But I still really want more with C. At this point it would be a trade off -if we enjoy intimacy, my husband won't allow him in my home or around my family. If not, he can be a part of our lives. I'm just not able to have a sexual or semi-sexual relationship with anyone who I am not so close to that I'd want him to be part of my life beyond that, so this is my choice. Next time I see C, he'll be driving my daughters and me to a friend's house 3 hours away -a carpool that happened to work out on his birthday. It will be a chaste visit.

So that's tough, but I'm willing to make that compromise, because my husband has leaned as far as he can in my direction to the point of getting hurt, and I don't want to do that to him. I want our marriage to work.

And yet, it's not working. I haven't been able to muster up any sexual desire for him since New Year's Eve. I don't know exactly why. At first I was just mad at him, but I'm not now. In some ways I think I'm afraid that my sexual nature is so abhorrent to him that I want to shut it down. I'm also not convinced he really loves me. I know he is 100% committed to me, provides for me, works hard for me, takes care of me, tries to make me happy... and I should just take all that and be content, but underneath it all I think he does it not because he loves who I am and wants to be around me, but because he made a decision to marry me. He made that decision in the very beginning of our relationship, the night he gave me his virginity, so I think it had to have been based quite a lot on hormones, and not just NRE but the only relationship energy he had ever felt in his life.

The other reason I doubt he loves me is because he has made comments before, about C and L (and others at times) only being attracted to me because I am a younger woman giving them attention, and that they wouldn't be so into me if they knew me as well as he does, because they only see one side of me, a happy side, and don't have to deal with all my ups and downs as he does. I know there's some truth to that, to being more excited about people we only get to see in small doses, but it leaves me feeling like I have a lovable facade hiding the difficult, demanding, less enjoyable woman my husband has come to know.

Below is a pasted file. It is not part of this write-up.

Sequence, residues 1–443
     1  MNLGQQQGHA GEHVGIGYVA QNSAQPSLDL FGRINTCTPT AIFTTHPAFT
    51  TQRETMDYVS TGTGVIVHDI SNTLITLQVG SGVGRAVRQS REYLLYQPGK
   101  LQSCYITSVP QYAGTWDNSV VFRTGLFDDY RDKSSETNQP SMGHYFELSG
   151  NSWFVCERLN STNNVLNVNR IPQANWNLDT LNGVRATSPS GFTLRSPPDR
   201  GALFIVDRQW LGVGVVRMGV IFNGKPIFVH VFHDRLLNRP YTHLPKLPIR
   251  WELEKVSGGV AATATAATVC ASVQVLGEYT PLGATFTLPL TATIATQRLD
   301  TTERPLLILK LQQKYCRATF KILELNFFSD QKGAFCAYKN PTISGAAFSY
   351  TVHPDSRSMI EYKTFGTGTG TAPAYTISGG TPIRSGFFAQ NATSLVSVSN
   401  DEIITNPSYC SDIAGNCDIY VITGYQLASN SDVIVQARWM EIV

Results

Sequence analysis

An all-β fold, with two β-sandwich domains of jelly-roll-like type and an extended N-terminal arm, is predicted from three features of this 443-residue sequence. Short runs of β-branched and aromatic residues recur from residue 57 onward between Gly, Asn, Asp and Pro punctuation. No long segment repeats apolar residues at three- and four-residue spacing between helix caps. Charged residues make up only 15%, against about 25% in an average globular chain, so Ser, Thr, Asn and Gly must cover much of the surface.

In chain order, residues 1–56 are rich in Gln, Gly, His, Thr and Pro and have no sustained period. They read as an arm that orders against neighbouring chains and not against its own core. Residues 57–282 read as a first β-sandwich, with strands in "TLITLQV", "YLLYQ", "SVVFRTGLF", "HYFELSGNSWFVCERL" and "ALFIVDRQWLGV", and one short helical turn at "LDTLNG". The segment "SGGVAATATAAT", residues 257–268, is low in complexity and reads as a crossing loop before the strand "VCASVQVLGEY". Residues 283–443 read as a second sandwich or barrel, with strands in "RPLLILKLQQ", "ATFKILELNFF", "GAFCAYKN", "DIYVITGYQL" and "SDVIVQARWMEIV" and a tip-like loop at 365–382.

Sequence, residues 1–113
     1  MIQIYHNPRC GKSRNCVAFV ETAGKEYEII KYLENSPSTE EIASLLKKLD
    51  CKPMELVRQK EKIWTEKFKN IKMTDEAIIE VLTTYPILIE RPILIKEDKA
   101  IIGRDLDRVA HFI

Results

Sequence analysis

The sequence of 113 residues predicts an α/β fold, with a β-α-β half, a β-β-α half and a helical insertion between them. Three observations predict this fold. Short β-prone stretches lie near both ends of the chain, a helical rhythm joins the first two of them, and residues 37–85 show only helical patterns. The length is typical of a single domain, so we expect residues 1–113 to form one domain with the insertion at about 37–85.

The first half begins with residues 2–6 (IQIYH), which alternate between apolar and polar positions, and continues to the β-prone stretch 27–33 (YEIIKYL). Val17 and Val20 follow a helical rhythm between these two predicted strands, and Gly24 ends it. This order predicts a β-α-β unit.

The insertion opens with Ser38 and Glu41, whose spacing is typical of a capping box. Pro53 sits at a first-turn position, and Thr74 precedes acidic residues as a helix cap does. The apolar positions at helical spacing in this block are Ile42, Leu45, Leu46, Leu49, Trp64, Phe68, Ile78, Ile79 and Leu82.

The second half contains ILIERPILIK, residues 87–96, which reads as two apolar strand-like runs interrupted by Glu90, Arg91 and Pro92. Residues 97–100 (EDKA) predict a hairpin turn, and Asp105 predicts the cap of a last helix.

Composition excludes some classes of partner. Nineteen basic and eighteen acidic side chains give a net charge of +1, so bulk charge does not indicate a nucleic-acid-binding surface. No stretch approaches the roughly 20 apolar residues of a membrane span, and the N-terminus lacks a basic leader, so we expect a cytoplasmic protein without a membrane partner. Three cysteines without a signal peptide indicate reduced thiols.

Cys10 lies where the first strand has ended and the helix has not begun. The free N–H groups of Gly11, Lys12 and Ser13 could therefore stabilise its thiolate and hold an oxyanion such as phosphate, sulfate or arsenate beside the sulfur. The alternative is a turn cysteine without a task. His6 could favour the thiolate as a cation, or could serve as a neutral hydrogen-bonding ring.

Should I care? I have a devoted husband who would do anything for me. That should be enough, right? But I think I'm drawn to L and C because I want to feel really loved. I've had arguments and anger and tears with both of them, so I think they see who I really am and still love me. I've been feeling bad about myself a lot lately, between long term illness making me feel useless, and gaining some weight, and my business hitting a financial downturn, and my polyamory messing up my marriage... I really want to feel loved. L looks at all that and gives me an honest scolding for what he thinks I'm doing wrong (like not seeing a marriage counselor yet), tells me I'm a difficult woman, and loves me in spite of it. Maybe even because of it. C just looks at me with stars in his eyes, tells me how much I've helped him grow into who he wants to be. They both make me feel truly loved, for being me.

Meanwhile my husband has started working out and dieting in hopes his new figure will attract me. He's simply gorgeous. I just don't know what my problem is.
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  #198  
Old 01-25-2012, 10:21 PM